We all intuitively understand the difference between musical and linguistic, or spatial and mathematical intelligences, for example.
They may study better with music in the background.
Isabel Myers and Katherine Briggswho created the Myers-Briggs Type Indicator and founded the Association of Psychological Type, applied Jung's work and influenced a generation of researchers trying to understand specific differences in human learning.
Most models consider learner characteristics as media may be differentially effective for different learners. Our approximate breakdown of the percentages of people with strengths in each style is as follows: They can be taught through independent study and introspection.
Howard Gardner spells out the difference between the theories this way: They can be taught by turning lessons into lyrics, speaking rhythmically, tapping out time. Coach, Counselor, Salesperson, Trainer. Bodily-kinesthetic — use the body effectively, like a dancer or a surgeon Keen sense of body awareness.
They can be taught through group activities, seminars, dialogues. Most of us, however, already have a way of explaining individual differences between Monet and Picasso, Martha Graham and Gene Kelly, or between different students in our classrooms: Moreover, Gardner's seven intelligences are not abstract concepts, but are recognizable through common life experiences.
They like to draw, do jigsaw puzzles, read maps, daydream. Each theory responds to the weaknesses of the other; together, they form an integrated picture of intelligence and difference. Activities suggested can and should be used for all types of learners, lessons should be designed to have all types of activities.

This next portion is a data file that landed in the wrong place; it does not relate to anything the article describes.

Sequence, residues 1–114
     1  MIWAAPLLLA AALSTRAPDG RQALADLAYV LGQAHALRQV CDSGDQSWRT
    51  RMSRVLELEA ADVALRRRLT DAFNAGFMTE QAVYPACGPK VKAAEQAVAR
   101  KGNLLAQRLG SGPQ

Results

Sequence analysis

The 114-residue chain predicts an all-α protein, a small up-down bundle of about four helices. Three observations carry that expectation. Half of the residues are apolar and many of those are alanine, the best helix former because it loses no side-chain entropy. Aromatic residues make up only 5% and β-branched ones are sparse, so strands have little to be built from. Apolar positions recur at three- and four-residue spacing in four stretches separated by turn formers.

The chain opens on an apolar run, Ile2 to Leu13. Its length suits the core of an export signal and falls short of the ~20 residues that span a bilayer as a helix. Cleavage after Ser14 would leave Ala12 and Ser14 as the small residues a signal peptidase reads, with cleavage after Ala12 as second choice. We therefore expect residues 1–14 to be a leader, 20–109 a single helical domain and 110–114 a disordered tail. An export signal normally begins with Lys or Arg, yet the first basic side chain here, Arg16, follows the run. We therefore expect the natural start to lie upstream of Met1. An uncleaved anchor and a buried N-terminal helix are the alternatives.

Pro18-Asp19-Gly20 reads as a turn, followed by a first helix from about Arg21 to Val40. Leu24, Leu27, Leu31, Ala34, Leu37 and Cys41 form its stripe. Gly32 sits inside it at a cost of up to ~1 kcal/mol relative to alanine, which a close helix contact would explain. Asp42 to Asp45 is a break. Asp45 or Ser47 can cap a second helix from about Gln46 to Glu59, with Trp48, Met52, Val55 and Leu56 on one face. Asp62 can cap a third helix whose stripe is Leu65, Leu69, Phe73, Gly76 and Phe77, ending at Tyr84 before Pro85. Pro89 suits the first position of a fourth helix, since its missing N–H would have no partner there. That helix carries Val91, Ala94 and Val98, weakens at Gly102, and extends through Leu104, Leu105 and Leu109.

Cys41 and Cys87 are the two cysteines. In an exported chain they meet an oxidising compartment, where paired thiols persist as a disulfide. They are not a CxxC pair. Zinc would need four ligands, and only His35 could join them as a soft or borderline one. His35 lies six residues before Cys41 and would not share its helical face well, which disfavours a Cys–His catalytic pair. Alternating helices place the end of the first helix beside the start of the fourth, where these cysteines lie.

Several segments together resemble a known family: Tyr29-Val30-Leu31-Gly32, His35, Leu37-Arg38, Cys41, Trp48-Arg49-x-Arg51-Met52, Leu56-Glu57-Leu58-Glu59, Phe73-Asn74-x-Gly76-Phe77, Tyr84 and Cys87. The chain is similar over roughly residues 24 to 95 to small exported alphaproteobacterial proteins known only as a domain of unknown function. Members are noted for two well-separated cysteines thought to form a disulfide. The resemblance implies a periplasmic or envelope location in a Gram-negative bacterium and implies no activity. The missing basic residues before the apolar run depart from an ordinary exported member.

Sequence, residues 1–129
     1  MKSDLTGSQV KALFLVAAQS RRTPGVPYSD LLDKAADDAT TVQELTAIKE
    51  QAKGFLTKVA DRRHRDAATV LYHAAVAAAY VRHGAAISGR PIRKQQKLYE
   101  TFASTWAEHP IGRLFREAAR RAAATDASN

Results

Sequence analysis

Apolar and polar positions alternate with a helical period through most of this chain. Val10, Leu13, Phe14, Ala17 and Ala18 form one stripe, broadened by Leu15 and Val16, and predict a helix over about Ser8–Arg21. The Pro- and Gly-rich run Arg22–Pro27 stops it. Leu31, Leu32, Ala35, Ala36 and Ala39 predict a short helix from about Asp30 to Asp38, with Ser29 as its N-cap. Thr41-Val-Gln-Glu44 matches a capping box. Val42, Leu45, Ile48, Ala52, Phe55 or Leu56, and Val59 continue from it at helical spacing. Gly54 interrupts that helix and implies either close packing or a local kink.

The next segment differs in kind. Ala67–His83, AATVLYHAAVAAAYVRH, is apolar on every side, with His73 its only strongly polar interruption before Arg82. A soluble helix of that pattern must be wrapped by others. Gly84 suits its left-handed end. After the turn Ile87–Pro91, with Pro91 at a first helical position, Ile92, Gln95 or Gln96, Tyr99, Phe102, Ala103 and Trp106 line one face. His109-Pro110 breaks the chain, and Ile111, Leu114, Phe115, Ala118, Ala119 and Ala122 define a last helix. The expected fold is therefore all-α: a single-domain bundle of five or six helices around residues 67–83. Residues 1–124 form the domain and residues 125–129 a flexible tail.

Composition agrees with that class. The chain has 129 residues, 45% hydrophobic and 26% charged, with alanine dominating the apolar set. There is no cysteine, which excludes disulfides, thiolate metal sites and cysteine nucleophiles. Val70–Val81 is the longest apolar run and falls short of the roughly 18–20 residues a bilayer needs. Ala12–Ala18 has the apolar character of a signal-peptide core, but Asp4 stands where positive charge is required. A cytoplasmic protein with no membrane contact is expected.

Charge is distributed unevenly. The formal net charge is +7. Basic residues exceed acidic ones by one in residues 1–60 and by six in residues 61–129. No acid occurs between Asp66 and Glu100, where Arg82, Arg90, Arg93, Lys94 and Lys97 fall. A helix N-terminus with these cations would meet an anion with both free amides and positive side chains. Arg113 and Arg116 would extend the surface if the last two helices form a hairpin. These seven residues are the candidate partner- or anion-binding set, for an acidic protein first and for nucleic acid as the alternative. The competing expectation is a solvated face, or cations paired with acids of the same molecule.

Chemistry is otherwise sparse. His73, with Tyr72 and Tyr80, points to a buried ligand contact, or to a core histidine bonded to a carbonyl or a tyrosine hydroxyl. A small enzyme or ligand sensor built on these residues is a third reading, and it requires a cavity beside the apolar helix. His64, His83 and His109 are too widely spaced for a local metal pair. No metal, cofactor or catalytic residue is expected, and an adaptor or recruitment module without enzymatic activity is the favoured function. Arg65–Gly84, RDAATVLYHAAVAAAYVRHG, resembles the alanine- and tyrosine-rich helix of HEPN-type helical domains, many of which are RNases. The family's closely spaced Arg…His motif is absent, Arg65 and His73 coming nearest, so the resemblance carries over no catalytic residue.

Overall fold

The broad spectrum of students - and perhaps the society as a whole - would be better served if disciplines could be presented in a numbers of ways and learning could be assessed through a variety of means.
They like reading, playing word games, making up poetry or stories. Visual media help students acquire concrete concepts, such as object identification, spatial relationship, or motor skills where words alone are inefficient. Motion is used to depict human performance so that learners can copy the movement.
Several models suggest a procedure which categorizes learning outcomes, plans instructional events to teach objectives, identifies the type of stimuli to present events, and media capable of presenting the stimuli.
In the 20th century, two great theories have been put forward in an attempt to interpret human differences and to design educational models around these differences. Research, however, does suggest that providing students with multiple ways to learn content improves learning Howard Gardner of Harvard has identified seven distinct intelligences.
Multiple Intelligences Howard Gardner of Harvard has identified seven distinct intelligences. Mechanic, Trainer, Contractor, Craftsperson, Tool and Dye Maker Interpersonal The ability to use the body to build rapport, to console or persuade, and to support others.